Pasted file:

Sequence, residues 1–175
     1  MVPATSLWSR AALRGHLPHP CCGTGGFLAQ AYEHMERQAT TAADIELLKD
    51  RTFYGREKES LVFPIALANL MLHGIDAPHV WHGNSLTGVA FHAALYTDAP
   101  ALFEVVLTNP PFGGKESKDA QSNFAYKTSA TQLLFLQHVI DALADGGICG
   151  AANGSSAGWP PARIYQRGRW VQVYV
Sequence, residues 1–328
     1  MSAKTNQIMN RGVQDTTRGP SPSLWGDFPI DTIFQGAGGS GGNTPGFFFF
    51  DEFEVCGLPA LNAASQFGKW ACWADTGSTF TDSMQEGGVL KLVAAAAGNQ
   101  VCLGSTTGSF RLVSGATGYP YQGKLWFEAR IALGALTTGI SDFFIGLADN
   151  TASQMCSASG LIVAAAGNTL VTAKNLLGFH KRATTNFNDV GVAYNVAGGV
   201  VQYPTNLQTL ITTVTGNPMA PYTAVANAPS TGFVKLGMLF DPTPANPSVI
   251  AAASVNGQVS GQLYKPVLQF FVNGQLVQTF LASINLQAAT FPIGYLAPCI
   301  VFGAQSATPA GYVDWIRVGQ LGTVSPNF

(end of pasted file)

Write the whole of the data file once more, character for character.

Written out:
Sequence, residues 1–175
     1  MVPATSLWSR AALRGHLPHP CCGTGGFLAQ AYEHMERQAT TAADIELLKD
    51  RTFYGREKES LVFPIALANL MLHGIDAPHV WHGNSLTGVA FHAALYTDAP
   101  ALFEVVLTNP PFGGKESKDA QSNFAYKTSA TQLLFLQHVI DALADGGICG
   151  AANGSSAGWP PARIYQRGRW VQVYV
Sequence, residues 1–328
     1  MSAKTNQIMN RGVQDTTRGP SPSLWGDFPI DTIFQGAGGS GGNTPGFFFF
    51  DEFEVCGLPA LNAASQFGKW ACWADTGSTF TDSMQEGGVL KLVAAAAGNQ
   101  VCLGSTTGSF RLVSGATGYP YQGKLWFEAR IALGALTTGI SDFFIGLADN
   151  TASQMCSASG LIVAAAGNTL VTAKNLLGFH KRATTNFNDV GVAYNVAGGV
   201  VQYPTNLQTL ITTVTGNPMA PYTAVANAPS TGFVKLGMLF DPTPANPSVI
   251  AAASVNGQVS GQLYKPVLQF FVNGQLVQTF LASINLQAAT FPIGYLAPCI
   301  VFGAQSATPA GYVDWIRVGQ LGTVSPNF